Penrith Council has been asked to reassess its tree policy in the wake of a spate of fallen trees.
Councillor Kevin Crameri requested Council re-examine its position after several forest trees were recently blown over during the ‘big wet’.
He said tall trees with shallow root systems such as Eucalyptus trees “should not be standing singly” and posed a “danger” in built-up areas.
“These trees in a forest are not a problem as they all take the brunt of the wind and they can stand,” he said.
“Maybe we need to replace them with something that doesn’t grow so high.”
Lenny Be Sousa was driving down Ninth Avenue, Llandilo, two weeks ago when he saw a “mother of a tree” come crashing to the ground.
“It was lucky there were no cars under it when it came down,” he said.
“If anyone had been in the car they wouldn’t have survived.”
Mr Be Sousa, a worker at nearby Golden Valley Eggs, said many trees had fallen down along Ninth Avenue.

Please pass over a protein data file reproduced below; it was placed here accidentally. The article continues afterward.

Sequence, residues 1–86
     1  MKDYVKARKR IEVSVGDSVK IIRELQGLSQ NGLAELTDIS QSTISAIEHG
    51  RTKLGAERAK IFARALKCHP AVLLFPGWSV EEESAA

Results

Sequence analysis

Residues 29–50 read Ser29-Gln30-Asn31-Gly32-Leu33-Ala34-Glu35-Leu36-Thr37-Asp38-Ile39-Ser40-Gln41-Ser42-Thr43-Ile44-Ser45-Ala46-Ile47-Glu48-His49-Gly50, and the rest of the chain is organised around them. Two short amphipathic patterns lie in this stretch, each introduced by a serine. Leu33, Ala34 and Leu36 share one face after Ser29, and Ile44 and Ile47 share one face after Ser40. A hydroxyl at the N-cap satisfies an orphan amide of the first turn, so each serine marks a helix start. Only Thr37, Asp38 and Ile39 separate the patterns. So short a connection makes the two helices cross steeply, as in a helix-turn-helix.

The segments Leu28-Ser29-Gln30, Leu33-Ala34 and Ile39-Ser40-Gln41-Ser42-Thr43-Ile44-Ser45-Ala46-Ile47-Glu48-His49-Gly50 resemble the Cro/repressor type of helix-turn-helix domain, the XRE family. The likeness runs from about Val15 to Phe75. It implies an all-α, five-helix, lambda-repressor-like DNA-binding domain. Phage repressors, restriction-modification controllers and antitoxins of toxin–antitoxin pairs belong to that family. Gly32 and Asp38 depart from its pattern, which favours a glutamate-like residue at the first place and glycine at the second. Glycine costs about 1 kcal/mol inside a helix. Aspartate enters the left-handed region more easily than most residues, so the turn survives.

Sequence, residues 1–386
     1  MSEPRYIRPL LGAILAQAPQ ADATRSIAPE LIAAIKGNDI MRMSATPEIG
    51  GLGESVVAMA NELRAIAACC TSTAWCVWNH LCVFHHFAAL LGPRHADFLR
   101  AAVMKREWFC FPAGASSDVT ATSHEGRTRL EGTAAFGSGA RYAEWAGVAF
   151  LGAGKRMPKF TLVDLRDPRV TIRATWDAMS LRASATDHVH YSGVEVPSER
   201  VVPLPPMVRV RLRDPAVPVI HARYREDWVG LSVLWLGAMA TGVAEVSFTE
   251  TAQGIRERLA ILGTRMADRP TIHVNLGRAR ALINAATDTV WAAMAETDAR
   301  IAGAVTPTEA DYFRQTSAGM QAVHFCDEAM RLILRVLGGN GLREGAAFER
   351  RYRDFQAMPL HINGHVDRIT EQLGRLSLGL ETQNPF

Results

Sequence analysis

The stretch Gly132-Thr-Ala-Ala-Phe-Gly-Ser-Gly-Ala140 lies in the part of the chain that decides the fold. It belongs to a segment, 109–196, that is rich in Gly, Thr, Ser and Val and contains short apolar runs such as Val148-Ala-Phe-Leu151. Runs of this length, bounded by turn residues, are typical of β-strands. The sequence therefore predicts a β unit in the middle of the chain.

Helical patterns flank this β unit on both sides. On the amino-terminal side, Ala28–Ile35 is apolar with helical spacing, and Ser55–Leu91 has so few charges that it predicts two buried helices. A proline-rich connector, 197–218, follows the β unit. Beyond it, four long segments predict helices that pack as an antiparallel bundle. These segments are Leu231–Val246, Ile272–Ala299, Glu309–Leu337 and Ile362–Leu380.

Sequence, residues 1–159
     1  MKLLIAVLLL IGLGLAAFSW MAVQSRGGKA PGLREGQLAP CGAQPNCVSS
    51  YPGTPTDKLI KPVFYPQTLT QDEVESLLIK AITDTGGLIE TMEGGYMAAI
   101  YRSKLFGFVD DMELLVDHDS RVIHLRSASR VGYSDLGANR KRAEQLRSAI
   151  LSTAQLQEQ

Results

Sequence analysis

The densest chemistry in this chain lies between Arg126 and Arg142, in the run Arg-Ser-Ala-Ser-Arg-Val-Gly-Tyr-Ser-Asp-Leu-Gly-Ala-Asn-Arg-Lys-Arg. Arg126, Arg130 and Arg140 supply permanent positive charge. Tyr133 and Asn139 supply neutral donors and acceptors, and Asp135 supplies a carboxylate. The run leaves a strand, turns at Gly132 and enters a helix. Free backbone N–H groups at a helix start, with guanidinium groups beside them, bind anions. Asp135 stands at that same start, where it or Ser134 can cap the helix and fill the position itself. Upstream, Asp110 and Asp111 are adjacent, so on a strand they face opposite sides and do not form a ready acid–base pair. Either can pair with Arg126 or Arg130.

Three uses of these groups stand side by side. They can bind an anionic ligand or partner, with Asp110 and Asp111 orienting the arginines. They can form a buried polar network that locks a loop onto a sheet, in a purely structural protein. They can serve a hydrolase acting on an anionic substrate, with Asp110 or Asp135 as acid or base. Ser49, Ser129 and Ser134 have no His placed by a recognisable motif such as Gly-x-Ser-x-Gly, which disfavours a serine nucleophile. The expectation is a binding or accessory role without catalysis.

“When you get a lot of rain like this, the ground goes soft and if the wind picks up, the trees just go over,” he said.
He said in some cases the trees clipped power lines on their way down, plunging local produce into jeopardy.
“One, you can’t keep the cool rooms going and two, if it takes too long to turn the power back on, the eggs go bad,” he said.
“It’s not just the eggs, it’s vegetables and fruits and all sorts of things. There are businesses on Ninth Avenue that can lose lots of money when the power goes down.”
Cr Crameri is also concerned about potential legal issues.
“We have got a lot of people with big trees in their backyard and Council saying you can’t get rid of them because they are healthy,” Cr Crameri said.
“But if it falls down and takes their house out, who is actually liable?”
Alena Higgins is the Weekender’s Court Reporter